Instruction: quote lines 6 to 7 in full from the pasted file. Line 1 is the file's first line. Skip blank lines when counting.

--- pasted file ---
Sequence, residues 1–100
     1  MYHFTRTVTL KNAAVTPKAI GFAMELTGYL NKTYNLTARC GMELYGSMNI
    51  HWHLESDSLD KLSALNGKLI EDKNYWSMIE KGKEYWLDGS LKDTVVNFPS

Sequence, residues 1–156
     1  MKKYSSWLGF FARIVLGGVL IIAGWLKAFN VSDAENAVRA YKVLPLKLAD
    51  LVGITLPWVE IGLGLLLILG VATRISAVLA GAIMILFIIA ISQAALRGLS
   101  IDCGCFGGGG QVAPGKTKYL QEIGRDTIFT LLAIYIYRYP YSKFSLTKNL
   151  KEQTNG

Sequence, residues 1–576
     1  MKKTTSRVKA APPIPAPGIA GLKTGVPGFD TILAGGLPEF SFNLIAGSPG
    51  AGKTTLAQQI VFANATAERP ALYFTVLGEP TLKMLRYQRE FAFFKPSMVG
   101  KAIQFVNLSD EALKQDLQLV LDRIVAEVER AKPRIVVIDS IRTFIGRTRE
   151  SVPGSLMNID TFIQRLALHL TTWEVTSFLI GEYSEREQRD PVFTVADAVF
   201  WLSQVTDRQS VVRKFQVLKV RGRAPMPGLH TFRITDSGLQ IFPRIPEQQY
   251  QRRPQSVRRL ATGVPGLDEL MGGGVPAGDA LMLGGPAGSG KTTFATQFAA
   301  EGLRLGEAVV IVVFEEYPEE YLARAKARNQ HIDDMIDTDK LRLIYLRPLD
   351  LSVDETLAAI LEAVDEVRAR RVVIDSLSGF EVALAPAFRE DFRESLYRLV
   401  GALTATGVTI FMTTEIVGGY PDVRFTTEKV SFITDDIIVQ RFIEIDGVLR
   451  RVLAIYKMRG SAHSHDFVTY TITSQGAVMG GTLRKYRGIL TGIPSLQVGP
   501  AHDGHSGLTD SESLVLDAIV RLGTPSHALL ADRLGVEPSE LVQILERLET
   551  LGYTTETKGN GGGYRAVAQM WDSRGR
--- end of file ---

    51  LVGITLPWVE IGLGLLLILG VATRISAVLA GAIMILFIIA ISQAALRGLS
   101  IDCGCFGGGG QVAPGKTKYL QEIGRDTIFT LLAIYIYRYP YSKFSLTKNL